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These books were originally created as a work book for the use in my classes. There are many details that were missing from the book because they were intended to be explained live.
Is it improvisation? Certainly not, because improvisation isn't new. Aside from folk music worldwide, most of the pipe organ performances in church service were improvised by the organist back in Early Music era. Their improvisation was similar to what we do in jazz improvisation. There is a chord progression, whether preplanned or improvised, then improvised melodies on top of it.
The most important thing in jazz music that sets apart from other kind of music is its groove. While other type of groove oriented music asks for tightness, jazz music calls for time feel against each other.
On top of the beat
On the beat
Behind the beat
For example, Erroll Garner's left hand is on the beat, while his right hand is always behind the beat, and that grooves. Drummer like Philly Joe Jones plays extremely laid-back ride cymbal while playing hi-hat on top of the beat. Then you bring monster bass players to it. Ray Brown, Ron Carter, they are all on top of the beat, way ahead of drummer, that drives the band. This is the thrills in jazz time feel, that makes jazz so unique.
Unfortunately it is often misunderstood if improvising is the most important thing in jazz music. It is only the second important thing. Still we want to play cool improvisation. Unless you are a genius, knowledge becomes important.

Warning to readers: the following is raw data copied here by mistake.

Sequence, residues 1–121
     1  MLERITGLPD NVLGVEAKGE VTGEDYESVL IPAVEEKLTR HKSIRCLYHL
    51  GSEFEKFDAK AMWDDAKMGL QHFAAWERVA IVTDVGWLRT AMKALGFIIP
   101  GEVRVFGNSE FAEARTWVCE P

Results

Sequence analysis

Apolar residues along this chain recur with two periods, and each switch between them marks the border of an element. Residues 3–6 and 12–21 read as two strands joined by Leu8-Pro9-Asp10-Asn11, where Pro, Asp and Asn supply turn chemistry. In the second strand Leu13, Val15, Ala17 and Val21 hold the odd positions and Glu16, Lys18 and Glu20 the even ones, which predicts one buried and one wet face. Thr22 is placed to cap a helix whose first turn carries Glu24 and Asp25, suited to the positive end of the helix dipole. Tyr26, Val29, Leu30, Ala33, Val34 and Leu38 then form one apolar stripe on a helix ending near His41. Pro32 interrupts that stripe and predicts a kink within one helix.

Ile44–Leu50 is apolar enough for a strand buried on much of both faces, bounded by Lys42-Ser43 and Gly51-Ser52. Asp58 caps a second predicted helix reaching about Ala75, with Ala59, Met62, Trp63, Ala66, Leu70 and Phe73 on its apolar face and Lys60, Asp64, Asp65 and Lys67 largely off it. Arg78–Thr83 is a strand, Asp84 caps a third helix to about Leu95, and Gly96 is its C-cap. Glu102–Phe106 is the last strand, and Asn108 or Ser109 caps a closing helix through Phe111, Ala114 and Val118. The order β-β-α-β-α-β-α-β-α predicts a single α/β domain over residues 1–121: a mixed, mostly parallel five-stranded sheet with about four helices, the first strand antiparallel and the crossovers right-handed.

Before "what is jazz today" was established
Louis Armstrong: Before WWII era, Laid back time feel isolated to solo performer, while the rest of the band is on the beat
Count Basie Orchestra - Corner Pocket (1962): Base and drums on the beat together
Erroll Garner Plays Fly Me to the Moon: His left hand on the beat, while the right hand behind the beat
Charlie Parker and his Be Bops style establishes bass on top of the beat and drums behind the beat to give wider beat space for the soloist who can then play the mix of on top of the beat and behind the beat to create the speed and the thrill
The birth of the cool jazz style: less notes, more groove with bass on top of the beat and drums behind the beat
Tony Williams who can switch between behind the beat and on top of the beat, while Ron Carter who can be on top of Tony's on top of the beat
Aggressive Time Feel
Kenny Burrell plays on top of the beat, while his drummer, Sherman Furgason gives funk music like wide beat feeling
Pat Martino (before who lost his memory) played incredibly meticulous behind the beat
Learn to listen to bass and drums to understand the jazz groove. Grooving jazz is always bass on top the beat even when there is no drummer. Bass has to drive the group, and there is a definit difference between on top of the beat and rushing. Rushing won't groove. On top of the beat means digging down the beat.
Funk Music: Tightly behind the beat between bass and drums
Go Go style: same as Funk but more hop
Brazilian Time Feel
Latin Music Time Feel
Reggae: Caribbean music is on the beat, yet it grooves hard
The simplified explanation of the difference between Japanese and/or Asian groove and the rest
The beat that is thrown away from the drum
The beat that is struck down to the drum